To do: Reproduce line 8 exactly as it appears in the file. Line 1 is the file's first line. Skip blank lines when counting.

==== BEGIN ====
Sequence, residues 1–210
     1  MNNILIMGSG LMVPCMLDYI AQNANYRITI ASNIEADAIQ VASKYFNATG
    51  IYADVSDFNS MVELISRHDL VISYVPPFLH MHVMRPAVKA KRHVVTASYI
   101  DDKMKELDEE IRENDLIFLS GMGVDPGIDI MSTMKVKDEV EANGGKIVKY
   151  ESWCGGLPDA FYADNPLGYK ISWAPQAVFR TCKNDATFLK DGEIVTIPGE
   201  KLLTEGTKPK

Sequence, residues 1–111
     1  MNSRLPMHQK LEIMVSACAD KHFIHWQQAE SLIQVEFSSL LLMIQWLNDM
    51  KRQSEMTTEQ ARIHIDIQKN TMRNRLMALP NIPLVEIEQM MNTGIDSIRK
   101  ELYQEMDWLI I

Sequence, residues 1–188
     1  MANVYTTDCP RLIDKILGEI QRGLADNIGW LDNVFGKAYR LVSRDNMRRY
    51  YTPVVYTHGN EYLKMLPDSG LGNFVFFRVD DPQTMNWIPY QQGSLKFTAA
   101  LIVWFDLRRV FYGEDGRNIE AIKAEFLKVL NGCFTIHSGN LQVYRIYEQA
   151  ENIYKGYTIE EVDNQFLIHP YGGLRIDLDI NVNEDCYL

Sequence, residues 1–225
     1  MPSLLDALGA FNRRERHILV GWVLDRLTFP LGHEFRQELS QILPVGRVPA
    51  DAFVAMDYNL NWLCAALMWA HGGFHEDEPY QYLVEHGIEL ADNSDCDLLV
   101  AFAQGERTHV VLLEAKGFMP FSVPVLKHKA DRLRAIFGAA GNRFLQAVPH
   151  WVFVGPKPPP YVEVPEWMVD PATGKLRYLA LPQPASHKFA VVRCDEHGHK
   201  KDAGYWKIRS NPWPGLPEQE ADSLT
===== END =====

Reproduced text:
     1  MNSRLPMHQK LEIMVSACAD KHFIHWQQAE SLIQVEFSSL LLMIQWLNDM